Clearly, subsections 227.1(3) of the ITA and 323(3) of the ETA entail a modified objective analysis which involves considering what a reasonable person would have done in the circumstances of the individual under assessment.
[37] To establish the defence, the director or former director must show that he or she took positive actions to prevent the corporation’s failure to remit the amounts in question. In Buckingham, the Federal Court of Appeal compared the aforementioned provisions with paragraph 122(1)(b) of the Canada Business Corporations Act, which requires directors and officers to “exercise the care, diligence and skill that a reasonably prudent person would exercise in comparable circumstances”. Mainville J.A. wrote:
40 The focus of the inquiry under subsections 227.1(3) of the Income Tax Act and 323(3) of the Excise Tax Act will however be different than that under 122(1)(b) of the CBCA, since the former require that the director’s duty of care, diligence and skill be exercised to prevent failures to remit. In order to rely on these defences, a director must thus establish that he turned his attention to the required remittances and that he exercised his duty of care, diligence and skill with a view to preventing a failure by the corporation to remit the concerned amounts.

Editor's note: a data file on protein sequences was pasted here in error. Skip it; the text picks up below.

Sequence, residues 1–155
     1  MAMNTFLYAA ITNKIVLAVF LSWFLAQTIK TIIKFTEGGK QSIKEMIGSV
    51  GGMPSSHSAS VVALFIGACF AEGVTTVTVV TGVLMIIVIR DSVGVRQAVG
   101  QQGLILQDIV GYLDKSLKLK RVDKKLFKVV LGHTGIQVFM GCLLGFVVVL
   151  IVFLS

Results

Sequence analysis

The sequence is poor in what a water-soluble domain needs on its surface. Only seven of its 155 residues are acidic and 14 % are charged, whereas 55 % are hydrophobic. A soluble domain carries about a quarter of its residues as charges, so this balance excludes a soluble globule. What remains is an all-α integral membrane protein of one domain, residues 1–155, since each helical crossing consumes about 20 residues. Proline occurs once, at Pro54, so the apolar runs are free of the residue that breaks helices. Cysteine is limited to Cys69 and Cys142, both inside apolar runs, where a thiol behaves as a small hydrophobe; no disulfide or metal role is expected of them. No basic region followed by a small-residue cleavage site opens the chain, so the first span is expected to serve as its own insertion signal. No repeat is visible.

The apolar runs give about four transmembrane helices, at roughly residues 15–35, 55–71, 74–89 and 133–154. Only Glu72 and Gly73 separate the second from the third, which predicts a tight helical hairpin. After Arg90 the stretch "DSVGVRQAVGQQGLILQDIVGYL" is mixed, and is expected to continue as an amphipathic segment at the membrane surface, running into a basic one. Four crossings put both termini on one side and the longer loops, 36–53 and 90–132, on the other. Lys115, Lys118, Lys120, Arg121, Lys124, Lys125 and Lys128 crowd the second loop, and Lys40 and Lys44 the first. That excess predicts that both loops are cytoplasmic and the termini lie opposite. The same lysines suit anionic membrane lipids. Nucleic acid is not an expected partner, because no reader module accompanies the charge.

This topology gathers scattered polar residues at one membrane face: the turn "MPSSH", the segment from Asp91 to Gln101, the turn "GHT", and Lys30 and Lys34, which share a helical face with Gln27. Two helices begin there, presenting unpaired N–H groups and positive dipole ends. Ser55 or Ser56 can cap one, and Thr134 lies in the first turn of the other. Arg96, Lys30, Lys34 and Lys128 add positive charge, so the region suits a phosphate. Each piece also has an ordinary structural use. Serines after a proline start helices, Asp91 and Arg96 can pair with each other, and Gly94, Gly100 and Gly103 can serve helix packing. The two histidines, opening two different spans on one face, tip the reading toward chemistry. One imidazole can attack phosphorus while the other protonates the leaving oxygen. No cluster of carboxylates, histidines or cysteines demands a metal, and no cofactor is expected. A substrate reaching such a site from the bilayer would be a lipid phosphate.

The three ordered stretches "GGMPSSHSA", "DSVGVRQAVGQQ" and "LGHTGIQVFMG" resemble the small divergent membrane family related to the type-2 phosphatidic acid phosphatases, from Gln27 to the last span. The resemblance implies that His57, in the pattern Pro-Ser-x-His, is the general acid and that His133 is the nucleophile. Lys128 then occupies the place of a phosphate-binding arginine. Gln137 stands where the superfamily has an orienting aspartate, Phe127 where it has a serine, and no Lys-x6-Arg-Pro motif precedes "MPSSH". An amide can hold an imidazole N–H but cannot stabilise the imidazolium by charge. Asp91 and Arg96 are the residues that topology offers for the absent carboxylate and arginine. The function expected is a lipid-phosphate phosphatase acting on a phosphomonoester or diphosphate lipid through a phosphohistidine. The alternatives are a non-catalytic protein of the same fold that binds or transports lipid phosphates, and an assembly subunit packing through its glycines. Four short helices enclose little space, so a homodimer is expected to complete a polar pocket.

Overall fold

[38] At trial, the appellant agreed that he was an inside director who was very familiar with the businesses of both cDemo and Global. The appellant also described his function with the two corporations as being to find new clients in order to develop new business. A reasonably prudent director with that level of familiarity with the businesses of cDemo and Global would have been aware of the significant financial difficulties facing the two corporations. The evidence shows that the appellant did not take any positive steps to ensure that the corporations continued to meet their remittance obligations. Instead, the source deductions and GST were diverted to fund the corporations’ failing businesses.